Today we look back at a memorable show I played in a couple of weeks ago at Second Act here in San Francisco. Four acts each brought a different style of performance, instrumentation and experimentation to the stage.
First up was IMA, an electro-acoustic duo featuring Nava Dunkelman and Jeanie-Aprille Tang.
Their sound blends the noisier edges of percussion with a range of electronic sources, including loops, samples, and percussive hits that complement the acoustic sources. It was a loud and intense affair, but with quiet sections. Dunkelman also used her voice during the performance as another instrument.
Then it was time to take the stage. This was another set featuring Moog Theremini and analog modular synthesizer. The color theme for this performance was blue.
[Photo by Tom Djll]
As with many of these electronic improvisation sets, it starts off very structured and then moves in different directions based on the audience, room, instrument behavior and inspiration. You can see the full performance in this video.
Overall I was quite pleased with the performance and the audience reaction.
Next up was Voicehandler, a duo of Danishta Rivero and Jacob Felix Heule.
Their sound was a bit more subtle than the previous acts. It featured Rivero on extended vocal techniques with a water-based electro-acoustic instrument of her own invention, the Hydrophonium; and Heule on extended percussion techniques that were often subtle and precise before veering into more energetic territory.
The final act was a quartet led by Idris Ackamoor featuring Mark Heshima Williams on bass, Bob Marshall in drums, and David Molina on guitar and laptop with Ableton Live!
Several of the musicians and musical pieces were familiar from Ackamoor’s renowned “afro-futurist” group The Pyramids. Indeed, the performance followed a similar structure with both a rhythmic entry and recessional. The rhythm section of Williams and Marshall was solid and perfect for some of the funkier grooves; and Ackamoor managed to move effortlessly between roles as horn-player and solo tap-dancing. It was interesting to hear David Molina and his guitar+electronic work, which I have heard before as a solo project, blended into this context.
All together it was a good show from all four groups, a diverse range of music. The large audience seem drawn to all the acts even if they initially came following one. And it’s great to see spaces like Second Act continuing to host shows like this in San Francisco. I hope to play there again sometime soon.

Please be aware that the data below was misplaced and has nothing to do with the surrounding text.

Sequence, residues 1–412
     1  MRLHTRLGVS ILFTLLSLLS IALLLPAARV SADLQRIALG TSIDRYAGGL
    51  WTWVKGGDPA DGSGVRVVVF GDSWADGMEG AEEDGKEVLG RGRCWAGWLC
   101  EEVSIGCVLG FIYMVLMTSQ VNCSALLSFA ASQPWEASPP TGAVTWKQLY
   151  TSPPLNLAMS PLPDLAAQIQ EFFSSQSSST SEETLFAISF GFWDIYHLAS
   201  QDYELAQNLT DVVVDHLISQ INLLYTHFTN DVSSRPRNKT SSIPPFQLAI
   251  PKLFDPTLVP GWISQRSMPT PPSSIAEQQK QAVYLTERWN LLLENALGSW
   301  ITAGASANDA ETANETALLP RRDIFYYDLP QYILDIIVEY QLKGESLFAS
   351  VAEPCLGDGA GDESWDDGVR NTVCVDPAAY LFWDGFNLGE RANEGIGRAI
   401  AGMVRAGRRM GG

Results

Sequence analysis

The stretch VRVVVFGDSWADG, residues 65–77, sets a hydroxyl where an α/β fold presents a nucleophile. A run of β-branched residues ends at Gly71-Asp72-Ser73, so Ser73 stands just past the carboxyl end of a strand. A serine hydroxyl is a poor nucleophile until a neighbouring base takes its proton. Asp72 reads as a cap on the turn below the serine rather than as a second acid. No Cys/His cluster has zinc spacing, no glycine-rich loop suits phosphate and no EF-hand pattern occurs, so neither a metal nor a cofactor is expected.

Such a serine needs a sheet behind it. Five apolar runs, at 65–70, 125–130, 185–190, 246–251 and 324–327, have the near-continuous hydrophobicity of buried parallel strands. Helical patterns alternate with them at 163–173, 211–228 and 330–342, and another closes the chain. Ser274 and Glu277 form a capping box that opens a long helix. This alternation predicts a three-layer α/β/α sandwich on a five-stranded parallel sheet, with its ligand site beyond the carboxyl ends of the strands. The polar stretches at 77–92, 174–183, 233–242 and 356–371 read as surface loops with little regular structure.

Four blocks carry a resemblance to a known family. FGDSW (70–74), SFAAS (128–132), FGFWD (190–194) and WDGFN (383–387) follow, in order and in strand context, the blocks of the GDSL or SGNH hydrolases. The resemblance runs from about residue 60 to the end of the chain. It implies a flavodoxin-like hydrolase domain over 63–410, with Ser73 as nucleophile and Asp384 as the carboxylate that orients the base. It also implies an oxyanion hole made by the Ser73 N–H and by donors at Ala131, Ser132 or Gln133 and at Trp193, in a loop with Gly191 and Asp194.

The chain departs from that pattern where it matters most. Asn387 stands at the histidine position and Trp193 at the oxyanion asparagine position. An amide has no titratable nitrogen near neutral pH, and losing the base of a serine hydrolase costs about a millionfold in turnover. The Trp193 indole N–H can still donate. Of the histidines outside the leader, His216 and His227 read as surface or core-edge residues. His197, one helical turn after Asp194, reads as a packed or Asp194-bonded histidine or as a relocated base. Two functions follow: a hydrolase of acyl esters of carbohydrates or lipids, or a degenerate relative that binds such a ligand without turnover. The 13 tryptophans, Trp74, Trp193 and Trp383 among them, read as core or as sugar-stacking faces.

“Play Ball!” at Arc Gallery and Studios is a multimedia show about women’s passion for baseball bringing together artists Amanda Chaudhary, Mido Lee and Priscilla Otani. The installation was a true collaboration brought together our respective talents in physical object making, electronics, software, sound, and photography.
One of the more challenging aspects was the interactive sound installation, which was to be installed a series of columns representing the bases on a standard baseball diamond. Four sound sets were composed based on field recordings made at Bay Area games and installed on an Arduino-based system for playback. The electronics included the Arduino itself, a Wave Shield from Adafruit for sound playback, and several motion sensors.
The sensors and main electronics package were installed in spheres made from baseball scorecards.
Programming the devices, installing them into the physical space, and then testing and debugging was an incremental, iterative, and at times grueling process. But through repeated efforts and understanding the interaction of sensors, wiring, and our software code we ultimately made it work.
[Photos by Priscilla Otani]
Within the final installation, viewers can explore the bases and the surrounding life-size images representing the diversity of women at baseball games. As viewers pass by individual bases, different sounds will be triggered, creating an immersive sound, space, and visual experience.